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Renewable energy topic of discussion at UMM

Members of a panel discussion that focused on green energy and similar issues in an event on Oct. 3 at the University of Minnesota Morris. The panel was part of a visit by a delegation in Germany which was in Minnesota and Morris as a partner in green energy discussions. From left, Guido Wallraven of Saerbeck, Germany, Ulrike Badziura of Iserholn, Germany and Mike Reese, the renewable energy director at the West Central Research and Outreach Center. Rae Yost/Stevens County Times

Economic benefits and education were two key points made by speakers on a panel discussing renewable energy on Oct. 3 at the University of Minnesota Morris.

The panel included two officials from German cities which have made great progress in renewable energy, a West Central Research and Outreach Center employee, a Morris Area High School student and two UMM students. The panel discussion was included as part of a German delegation's visit to Minnesota to discuss renewable energy. Morris and UMM have a partnership with the city of Saerbeck, Germany, that focuses on green energy and related issues.

When officials in the city of Saerbeck began to consider renewable energy projects a driving force was the economic benefit they must provide, said Guido Wallraven, the technical director for the city.

Wallraven said officials wanted the projects to benefit the local economy. The city is now well on its way to becoming a 100-percent renewable energy city by 2030.

Economic benefit was also one of the drivers that led the rural U.S. to develop the ethanol industry in the late 1980s and 1990s, said Mike Reese, renewable energy director at WCROC.

"If it doesn't have an economic impact, the local communities aren't going to support it," Reese said.

The ethanol industry helped to stabilize the farm economy because it generated additional sources of revenue for farmers, Reese said.

One of the motivators forestablishing renewable energy in Iserholn, Germany, was the price of traditional energy, said Ulrike Badziura.. Badziura is with the city's department if environmental and climate protection.

Developers, customers and investors will be inclined to make changes toward renewable energy when they know of the economic benefits, the three officials said.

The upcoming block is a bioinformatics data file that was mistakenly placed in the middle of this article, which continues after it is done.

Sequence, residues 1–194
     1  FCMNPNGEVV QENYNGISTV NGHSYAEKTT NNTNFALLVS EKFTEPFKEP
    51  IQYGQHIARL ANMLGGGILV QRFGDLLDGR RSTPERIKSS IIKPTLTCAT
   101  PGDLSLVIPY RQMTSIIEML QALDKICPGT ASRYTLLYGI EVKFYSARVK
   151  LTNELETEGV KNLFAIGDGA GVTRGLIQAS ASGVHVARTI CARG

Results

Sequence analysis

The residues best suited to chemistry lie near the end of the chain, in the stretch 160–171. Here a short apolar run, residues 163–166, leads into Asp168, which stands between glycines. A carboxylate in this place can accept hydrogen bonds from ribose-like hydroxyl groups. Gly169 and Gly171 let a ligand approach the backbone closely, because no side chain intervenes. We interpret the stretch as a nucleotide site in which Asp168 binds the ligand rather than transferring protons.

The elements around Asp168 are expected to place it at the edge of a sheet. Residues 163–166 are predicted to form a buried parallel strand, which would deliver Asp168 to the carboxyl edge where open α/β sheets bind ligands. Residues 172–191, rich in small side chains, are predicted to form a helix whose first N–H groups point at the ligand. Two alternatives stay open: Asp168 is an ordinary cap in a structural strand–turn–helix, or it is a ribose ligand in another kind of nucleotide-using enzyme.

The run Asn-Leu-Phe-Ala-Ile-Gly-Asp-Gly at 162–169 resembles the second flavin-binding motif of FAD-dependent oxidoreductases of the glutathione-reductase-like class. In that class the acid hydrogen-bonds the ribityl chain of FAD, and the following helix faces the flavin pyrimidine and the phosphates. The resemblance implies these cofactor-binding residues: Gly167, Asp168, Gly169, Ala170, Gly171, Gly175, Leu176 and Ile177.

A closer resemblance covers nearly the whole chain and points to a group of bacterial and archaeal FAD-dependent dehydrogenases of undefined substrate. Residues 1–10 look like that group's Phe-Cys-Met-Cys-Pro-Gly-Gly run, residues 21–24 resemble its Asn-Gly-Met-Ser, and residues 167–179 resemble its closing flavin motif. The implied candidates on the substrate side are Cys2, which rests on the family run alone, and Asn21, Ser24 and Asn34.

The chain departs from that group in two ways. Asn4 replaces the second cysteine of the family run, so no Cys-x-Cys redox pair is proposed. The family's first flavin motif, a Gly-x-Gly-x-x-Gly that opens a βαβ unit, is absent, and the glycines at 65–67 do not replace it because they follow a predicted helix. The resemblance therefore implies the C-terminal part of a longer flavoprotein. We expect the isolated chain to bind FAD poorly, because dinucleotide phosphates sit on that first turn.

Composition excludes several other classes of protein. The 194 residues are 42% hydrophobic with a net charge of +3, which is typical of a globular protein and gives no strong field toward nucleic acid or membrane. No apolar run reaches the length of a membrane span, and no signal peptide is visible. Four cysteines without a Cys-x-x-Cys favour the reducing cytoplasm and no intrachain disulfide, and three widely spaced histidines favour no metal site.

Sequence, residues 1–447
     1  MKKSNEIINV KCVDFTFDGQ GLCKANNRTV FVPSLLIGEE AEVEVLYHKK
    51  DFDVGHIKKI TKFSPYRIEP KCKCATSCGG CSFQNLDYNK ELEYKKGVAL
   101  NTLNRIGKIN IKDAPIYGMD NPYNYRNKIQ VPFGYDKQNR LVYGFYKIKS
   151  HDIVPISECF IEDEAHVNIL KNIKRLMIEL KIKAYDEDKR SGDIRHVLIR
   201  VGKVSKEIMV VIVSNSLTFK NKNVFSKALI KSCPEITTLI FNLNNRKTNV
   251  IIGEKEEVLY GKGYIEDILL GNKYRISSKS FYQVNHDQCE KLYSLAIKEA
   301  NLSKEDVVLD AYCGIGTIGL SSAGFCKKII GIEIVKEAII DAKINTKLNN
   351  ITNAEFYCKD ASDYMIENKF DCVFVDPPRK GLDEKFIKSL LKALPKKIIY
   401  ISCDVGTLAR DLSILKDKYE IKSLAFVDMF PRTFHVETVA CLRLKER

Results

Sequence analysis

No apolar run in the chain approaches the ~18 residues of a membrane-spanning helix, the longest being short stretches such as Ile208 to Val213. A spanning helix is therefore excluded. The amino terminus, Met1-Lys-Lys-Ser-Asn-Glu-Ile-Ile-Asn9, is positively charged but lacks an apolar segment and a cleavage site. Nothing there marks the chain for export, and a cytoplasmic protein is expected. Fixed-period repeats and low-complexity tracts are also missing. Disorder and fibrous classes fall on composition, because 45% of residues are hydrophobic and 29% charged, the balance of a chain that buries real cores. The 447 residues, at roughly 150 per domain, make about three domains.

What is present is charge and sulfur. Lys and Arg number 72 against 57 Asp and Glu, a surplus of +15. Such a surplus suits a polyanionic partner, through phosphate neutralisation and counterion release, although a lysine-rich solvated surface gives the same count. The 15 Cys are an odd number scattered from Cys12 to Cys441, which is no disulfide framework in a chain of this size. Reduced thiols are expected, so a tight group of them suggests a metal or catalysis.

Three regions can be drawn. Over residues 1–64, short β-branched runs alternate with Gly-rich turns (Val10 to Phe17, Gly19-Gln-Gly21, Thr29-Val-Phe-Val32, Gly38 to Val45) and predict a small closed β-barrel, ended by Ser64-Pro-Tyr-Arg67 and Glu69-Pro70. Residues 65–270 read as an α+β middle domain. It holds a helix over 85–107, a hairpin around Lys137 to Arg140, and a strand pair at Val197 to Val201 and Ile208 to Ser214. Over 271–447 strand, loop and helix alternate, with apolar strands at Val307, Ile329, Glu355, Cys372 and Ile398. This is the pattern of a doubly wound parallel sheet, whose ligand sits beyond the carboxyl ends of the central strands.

Yet, the three offiicals and the other younger panelists said education is a significant piece.

MAHS high school student Teresa Boyd said one of her goals for Morris is to start with education.

"There needs to be more discussion in high school and elementary school," Boyd said. Students may now learn about individual ways they can conserve energy and resources such as shorter showers or turning out lights, the discussion needs to be more involved on how all need to be involved in renewable energy, sustainability and reduction, she said.

While the UMM may be working on renewable energy projects and exposing students to opportunities in that industry, the impact does not seem to reach outside the campus, Boyd said.

"UMM is kind of like a bubble. What goes on outside of here is a completely different attitude," Boyd said. "We need more of these types of discussions outside of campus."

"There is kind of a weird divide between the campus and the city," said McKenzie Dice, a UMM student who works in the campus office of sustainability. "One of my goals is to bridge that gap by having conversations with students in high school and elementary school."

Reese said there needs to be a cultural shift in terms of understanding renewable energy, sustainability and even climate change.

Wallraven agreed and "you do a change of culture best by doing projects." Successful projects that benefit the community educate the public and can change attitudes, Wallraven said.

Any project needs to involve the stakeholders in a community, Badziura said. "It's very, very important to have people come together," she said. Communities can determine what projects and goals are important to them, Badziura said.

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